Most datacenter network (DCN) designs focus on maximizing bisection bandwidth rather than minimizing server-to-server latency. We explore architectural approaches to building low-latency DCNs and introduce Quartz, a design element consisting of a full mesh of switches. Quartz can be used to replace portions of either a hierarchical network or a random network. Our analysis shows that replacing high port-count core switches with Quartz can signiﬁcantly reduce switching delays, and replacing groups of topof-rack and aggregation switches with Quartz can signiﬁcantly reduce congestion-related delays from cross-trafﬁc. We overcome the complexity of wiring a complete mesh using low-cost optical multiplexers that enable us to efﬁciently implement a logical mesh as a physical ring. We evaluate our performance using both simulations and a small working prototype. Our evaluation results conﬁrm our analysis, and demonstrate that it is possible to build low-latency DCNs using inexpensive commodity elements without signiﬁcant concessions to cost, scalability, or wiring complexity.
This paper presents a quantitative methodology and results comparing diﬀerent approaches for location-independent communication. Our approach is empirical and is based on real Internet topologies, routing tables from real routers, and a measured workload of the mobility of devices and content across network addresses today. We measure the extent of network mobility exhibited by mobile devices with a homebrewed Android app deployed on hundreds of smartphones, and measure the network mobility of Internet content from distributed vantage points. We combine this measured data with our quantitative methodology to analyze the diﬀerent cost-beneﬁt tradeoﬀs struck by location-independent network architectures with respect to routing update cost, path stretch, and forwarding table size. We ﬁnd that more than 20% of users change over 10 IP addresses a day, suggesting that mobility is the norm rather than the exception, so intrinsic and eﬃcient network support for mobility is critical. We also ﬁnd that with purely name-based routing approaches, each event involving the mobility of a device or popular content may result in an update at up to 14% of Internet routers; but, the fraction of impacted routers is much smaller for the long tail of unpopular content. These results suggest that recent proposals for pure name-based networking may be suitable for highly aggregateable content that moves infrequently but may need to be augmented with addressing-assisted approaches to handle device mobility.
Tasks in modern data-parallel clusters have highly diverse resource requirements along CPU, memory, disk and network. We present Tetris, a multi-resource cluster scheduler that packs tasks to machines based on their requirements of all resource types. Doing so avoids resource fragmentation as well as over-allocation of the resources that are not explicitly allocated, both of which are drawbacks of current schedulers. Tetris adapts heuristics for the multidimensional bin packing problem to the context of cluster schedulers wherein task arrivals and machine availability change in an online manner and wherein task’s resource needs change with time and with the machine that the task is placed at. In addition, Tetris improves average job completion time by preferentially serving jobs that have less remaining work. We observe that fair allocations do not offer the best performance and the above heuristics are compatible with a large class of fairness policies; hence, we show how to simultaneously achieve good performance and fairness. Tracedriven simulations and deployment of our Apache YARN prototype on a 250 node cluster show gains of over 30% in makespan and job completion time while achieving nearly perfect fairness.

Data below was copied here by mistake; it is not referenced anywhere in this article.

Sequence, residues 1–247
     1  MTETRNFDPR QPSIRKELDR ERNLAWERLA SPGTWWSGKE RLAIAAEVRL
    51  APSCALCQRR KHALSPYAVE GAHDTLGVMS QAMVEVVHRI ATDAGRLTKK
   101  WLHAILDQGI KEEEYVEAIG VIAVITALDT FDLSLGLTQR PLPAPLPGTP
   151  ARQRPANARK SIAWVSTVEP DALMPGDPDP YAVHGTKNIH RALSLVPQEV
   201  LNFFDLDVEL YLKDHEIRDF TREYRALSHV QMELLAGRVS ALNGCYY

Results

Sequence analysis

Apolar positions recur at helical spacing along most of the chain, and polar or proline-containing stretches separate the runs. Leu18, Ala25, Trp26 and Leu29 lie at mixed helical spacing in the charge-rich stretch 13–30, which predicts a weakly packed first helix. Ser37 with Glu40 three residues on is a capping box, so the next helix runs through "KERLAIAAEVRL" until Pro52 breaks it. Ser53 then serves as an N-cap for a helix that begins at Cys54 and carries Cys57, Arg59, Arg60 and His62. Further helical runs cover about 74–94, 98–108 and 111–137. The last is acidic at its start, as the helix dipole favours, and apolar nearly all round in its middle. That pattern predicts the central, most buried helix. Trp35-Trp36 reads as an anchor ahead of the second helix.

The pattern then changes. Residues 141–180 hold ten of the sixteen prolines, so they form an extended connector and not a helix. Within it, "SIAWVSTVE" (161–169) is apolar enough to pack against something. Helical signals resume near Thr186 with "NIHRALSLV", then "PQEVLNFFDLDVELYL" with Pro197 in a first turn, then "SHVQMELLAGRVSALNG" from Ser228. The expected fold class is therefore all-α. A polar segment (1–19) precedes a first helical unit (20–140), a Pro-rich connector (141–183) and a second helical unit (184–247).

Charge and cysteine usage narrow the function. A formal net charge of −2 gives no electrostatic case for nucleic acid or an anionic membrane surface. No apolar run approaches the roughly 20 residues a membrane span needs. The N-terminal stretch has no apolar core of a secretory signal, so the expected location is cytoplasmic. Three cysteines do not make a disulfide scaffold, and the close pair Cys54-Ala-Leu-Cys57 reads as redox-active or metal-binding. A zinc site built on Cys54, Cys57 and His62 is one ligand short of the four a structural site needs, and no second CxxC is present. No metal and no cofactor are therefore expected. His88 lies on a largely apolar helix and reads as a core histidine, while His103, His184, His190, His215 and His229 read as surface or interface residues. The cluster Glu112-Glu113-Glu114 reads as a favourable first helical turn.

When debugging a distributed system, it is sometimes necessary to explain the absence of an event – for instance, why a certain route is not available, or why a certain packet did not arrive. Existing debuggers offer some support for explaining the presence of events, usually by providing the equivalent of a backtrace in conventional debuggers, but they are not very good at answering “Why not?” questions: there is simply no starting point for a possible backtrace. In this paper, we show that the concept of negative provenance can be used to explain the absence of events in distributed systems. Negative provenance relies on counterfactual reasoning to identify the conditions under which the missing event could have occurred. We deﬁne a formal model of negative provenance for distributed systems, and we present the design of a system called Y! that tracks both positive and negative provenance and can use them to answer diagnostic queries. We describe how we have used Y! to debug several realistic problems in two application domains: softwaredeﬁned networks and BGP interdomain routing. Results from our experimental evaluation show that the overhead of Y! is moderate.